For now, there’s a lot we don’t know about Omicron, including its transmissibility compared to other forms of SARS-CoV-2 like Delta, its impact on vaccines, and whether or not it causes more severe disease. Because it’s still so new, more time and research are necessary before drawing conclusions.
How effective are vaccines and boosters against the new variant?
As the WHO stresses, experts can’t say yet what the vaccine efficacy against the Omicron variant is; there is not enough research to understand how the available COVID-19 vaccines and boosters interact with the new strain.
“We know what it takes to prevent the spread of COVID-19,” the CDC explains. Along with prevention strategies like wearing face masks in public, washing your hands frequently, and practicing physical distancing, the agency recommends that everyone age 5 and above get vaccinated and eligible adults get booster shots.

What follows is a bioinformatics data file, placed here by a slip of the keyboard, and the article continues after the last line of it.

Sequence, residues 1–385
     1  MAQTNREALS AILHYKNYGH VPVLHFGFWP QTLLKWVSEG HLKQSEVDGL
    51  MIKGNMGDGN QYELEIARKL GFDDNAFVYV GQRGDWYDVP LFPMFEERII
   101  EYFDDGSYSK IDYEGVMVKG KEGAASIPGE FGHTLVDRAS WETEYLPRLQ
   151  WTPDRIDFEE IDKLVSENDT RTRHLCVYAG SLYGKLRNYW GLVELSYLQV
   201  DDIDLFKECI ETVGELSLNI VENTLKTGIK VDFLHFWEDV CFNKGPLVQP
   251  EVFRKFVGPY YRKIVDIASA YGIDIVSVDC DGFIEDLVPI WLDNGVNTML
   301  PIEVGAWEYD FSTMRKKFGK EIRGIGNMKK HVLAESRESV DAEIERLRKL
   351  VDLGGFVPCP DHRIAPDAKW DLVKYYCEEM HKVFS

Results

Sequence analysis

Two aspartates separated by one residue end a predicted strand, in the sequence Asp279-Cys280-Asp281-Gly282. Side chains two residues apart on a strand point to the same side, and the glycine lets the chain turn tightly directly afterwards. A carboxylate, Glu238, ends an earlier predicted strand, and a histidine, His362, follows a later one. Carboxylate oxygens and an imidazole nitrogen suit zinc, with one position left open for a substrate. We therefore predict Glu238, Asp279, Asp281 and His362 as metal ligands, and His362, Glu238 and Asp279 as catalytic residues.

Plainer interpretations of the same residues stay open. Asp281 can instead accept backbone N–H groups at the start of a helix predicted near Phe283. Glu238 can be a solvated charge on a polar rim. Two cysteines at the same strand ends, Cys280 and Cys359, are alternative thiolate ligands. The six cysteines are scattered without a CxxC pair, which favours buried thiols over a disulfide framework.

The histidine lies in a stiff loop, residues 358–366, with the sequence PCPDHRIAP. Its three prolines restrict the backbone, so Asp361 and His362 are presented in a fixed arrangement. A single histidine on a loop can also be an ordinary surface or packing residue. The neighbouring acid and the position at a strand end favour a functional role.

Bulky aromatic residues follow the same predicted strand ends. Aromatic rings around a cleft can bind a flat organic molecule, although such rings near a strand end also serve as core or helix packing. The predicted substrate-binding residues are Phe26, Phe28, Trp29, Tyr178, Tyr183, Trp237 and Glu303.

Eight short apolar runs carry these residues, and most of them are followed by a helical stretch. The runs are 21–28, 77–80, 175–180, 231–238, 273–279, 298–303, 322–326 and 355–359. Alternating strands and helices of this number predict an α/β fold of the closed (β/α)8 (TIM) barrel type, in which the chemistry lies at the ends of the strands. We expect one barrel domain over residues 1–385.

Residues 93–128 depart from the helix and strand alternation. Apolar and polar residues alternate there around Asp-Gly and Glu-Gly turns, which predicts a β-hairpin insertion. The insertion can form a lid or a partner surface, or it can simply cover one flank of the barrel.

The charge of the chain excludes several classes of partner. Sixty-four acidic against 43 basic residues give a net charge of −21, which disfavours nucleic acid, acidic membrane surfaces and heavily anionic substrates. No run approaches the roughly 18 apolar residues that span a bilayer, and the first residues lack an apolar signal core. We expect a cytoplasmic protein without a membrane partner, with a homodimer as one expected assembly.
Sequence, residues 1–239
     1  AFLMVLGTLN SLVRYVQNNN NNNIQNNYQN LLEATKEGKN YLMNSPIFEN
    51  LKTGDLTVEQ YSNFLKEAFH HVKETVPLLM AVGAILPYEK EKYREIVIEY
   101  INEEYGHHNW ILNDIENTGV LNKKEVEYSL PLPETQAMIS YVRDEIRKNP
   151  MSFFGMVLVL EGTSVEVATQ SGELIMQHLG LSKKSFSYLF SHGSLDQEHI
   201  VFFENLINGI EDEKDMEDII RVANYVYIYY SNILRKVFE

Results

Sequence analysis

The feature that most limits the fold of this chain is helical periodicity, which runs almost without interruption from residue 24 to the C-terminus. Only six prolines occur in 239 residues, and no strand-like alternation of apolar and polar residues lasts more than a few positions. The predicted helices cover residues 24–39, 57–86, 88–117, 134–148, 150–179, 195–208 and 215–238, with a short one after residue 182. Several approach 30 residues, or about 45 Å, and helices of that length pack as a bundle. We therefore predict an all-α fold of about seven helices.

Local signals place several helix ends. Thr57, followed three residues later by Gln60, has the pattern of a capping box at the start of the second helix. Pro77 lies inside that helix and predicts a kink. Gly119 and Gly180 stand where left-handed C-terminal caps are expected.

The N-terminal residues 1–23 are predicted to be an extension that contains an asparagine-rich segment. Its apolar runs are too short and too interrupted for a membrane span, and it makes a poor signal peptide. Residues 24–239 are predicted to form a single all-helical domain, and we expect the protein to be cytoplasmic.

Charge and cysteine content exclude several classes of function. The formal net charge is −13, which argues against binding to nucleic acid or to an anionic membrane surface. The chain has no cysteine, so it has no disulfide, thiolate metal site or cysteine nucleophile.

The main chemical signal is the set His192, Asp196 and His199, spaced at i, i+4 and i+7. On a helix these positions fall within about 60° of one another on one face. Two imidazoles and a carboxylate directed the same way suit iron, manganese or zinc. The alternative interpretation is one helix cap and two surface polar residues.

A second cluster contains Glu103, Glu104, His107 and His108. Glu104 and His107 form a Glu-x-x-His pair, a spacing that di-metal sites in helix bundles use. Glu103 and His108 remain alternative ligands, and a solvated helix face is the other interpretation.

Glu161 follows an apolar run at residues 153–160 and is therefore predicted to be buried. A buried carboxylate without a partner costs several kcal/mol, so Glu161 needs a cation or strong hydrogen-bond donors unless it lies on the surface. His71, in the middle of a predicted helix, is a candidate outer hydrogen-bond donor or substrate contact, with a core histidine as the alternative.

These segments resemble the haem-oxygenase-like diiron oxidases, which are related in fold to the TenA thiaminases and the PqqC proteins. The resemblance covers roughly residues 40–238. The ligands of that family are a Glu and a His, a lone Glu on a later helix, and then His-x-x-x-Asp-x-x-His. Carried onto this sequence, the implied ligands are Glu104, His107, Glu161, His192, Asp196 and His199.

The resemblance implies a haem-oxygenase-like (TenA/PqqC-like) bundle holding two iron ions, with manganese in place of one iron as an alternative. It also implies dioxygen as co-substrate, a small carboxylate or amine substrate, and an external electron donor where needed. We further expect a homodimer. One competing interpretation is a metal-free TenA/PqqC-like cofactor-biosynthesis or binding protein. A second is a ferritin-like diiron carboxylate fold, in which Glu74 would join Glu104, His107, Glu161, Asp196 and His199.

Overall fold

“It appears that the hospitalized patients in South Africa [who were infected with Omicron] were largely unvaccinated, arguing vaccines protect against what matters,” says infectious disease expert Amesh A. Adalja, M.D., a senior scholar at the Johns Hopkins Center for Health Security.
But, he says, the CDC’s latest report is “reassuring as there was not much, if any, severe disease. He adds, “What will be important is to see how this evolves as larger quantities of persons are infected, including high risk individuals and those who aren’t vaccinated.”
“We know almost nothing about Omicron,” explains Kawsar Talaat, M.D., an infectious disease doctor, vaccine researcher, and assistant professor in the department of International Health at Johns Hopkins University. “It is possible that boosters will be necessary to help protect against infections with this variant. We just don’t know because we don’t have that data yet.”
But as long as you’re fully vaccinated—and especially if you’re boosted—you’re probably as protected as you can be right now. “If you are fully vaccinated and you’ve received your booster shot, your degree of protection is extraordinarily high,” says Thomas Russo, M.D., professor and chief of infectious disease at the University at Buffalo in New York. “That would provide a buffer, even if this variant is more resistant to vaccination than earlier versions.”